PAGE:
Until such time that Russian oil truly faces an embargo from EU countries, the front of the market will be weighed down relative to the back as a result of additional supply from the SPR hitting the market and the current state of Omicron related lock-downs in China.
Crude oil inventories in the US have continued to retreat against a backdrop of backwardation (red line vs black line below). Huge premiums in the front of the market provide zero incentive to store barrels. Hence, barrels continue to be drawn out of inventory.
The blind assumption that we can draw inventories down to uncomfortably low historical levels because conditions will improve in the future is not one that is overly rooted in fact. Unless perhaps it is a recession that saves us down the line in regards to 'demand'?? Just a thought.
Yet longer-dated prices have broken significantly out of their $50-65/bbl range they have been trading for the past seven years. While short term price fluctuations are usually simply a function of fluctuating inventories and supply disruptions, long term prices reflect the industry’s marginal cost of future supply. Meaning the market is betting that we face higher replacements costs in the future (due to regulatory risk - aka loading energy prices with increasing environmental costs).
Total inventory balances seem like they will have a tough time growing from here considering that there will be withdrawals out of the SPR for the next 6 months that would offset any builds in commercial inventory. We are pulling 'supply' forward without concrete evidence that it will be easier to replace in the future. Fingers crossed???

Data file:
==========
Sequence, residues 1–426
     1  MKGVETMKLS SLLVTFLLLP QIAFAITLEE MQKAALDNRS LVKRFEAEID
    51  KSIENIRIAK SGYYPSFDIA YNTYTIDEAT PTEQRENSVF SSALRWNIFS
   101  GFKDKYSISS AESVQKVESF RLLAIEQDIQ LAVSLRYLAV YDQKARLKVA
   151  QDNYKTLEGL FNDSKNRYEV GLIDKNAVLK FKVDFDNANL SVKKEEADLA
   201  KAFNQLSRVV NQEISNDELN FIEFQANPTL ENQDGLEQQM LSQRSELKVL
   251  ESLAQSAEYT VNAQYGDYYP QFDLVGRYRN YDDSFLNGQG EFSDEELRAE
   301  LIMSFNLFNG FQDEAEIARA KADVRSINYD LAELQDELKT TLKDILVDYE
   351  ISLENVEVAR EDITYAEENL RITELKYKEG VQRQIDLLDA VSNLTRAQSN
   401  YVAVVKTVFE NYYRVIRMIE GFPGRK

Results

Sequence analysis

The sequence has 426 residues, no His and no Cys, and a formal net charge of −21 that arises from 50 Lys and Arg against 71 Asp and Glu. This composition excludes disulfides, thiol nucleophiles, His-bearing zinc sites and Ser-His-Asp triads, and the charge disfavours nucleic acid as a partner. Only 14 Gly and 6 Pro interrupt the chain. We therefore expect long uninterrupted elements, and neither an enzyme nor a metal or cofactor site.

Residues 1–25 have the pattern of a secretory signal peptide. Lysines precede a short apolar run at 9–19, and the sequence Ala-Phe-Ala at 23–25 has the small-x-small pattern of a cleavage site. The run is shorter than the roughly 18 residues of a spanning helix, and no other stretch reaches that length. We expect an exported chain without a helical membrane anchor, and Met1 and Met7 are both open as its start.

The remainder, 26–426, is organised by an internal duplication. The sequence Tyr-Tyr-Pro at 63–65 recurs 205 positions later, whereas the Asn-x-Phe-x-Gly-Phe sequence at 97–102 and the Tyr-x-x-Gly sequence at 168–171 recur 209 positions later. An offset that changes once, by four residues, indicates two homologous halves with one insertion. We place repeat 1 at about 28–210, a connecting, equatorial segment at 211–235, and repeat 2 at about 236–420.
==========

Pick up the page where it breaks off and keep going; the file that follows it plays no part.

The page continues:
While oil has pulled back significantly from its highs over the last 2 weeks, the same can not be said for refined product cracks. Over the last 10 days, both gasoline and distillate crack spreads versus WTI continue to make new highs even as outright oil prices retreat. It's never bearish when end-use products (gasoline and distillate) outpace raw material inputs (crude oil).
While the oil complex has strengthened this year on the back of the Russia-Ukraine war, it is middle distillates that have stood out. Over the first quarter of the year, ICE gasoil has rallied by 59%, compared to ICE brent strengthening by almost 39%. ICE gasoil prices hit record highs of $1,665/t at one stage in early March.
Whether we look to Europe, the US, or Asia, middle distillates stocks are low. In the ARA (Amsterdam-Rotterdam-Antwerp) region, gasoil inventories have fallen to their lowest levels since 2008 for this time of the year. It is a similar story in Singapore, where middle distillate stocks are also near a 14-year low, while in the US, distillate fuel oil stocks are at their lowest levels since 2014 for this stage of the year. Tight inventories coupled with plenty of uncertainty over supply has meant that middle distillate cracks have seen significant strength, along with volatility. Clearly, this is unlikely to change until we see a de-escalation in the war.
There are several reasons for this tightness and strength in the middle distillate market: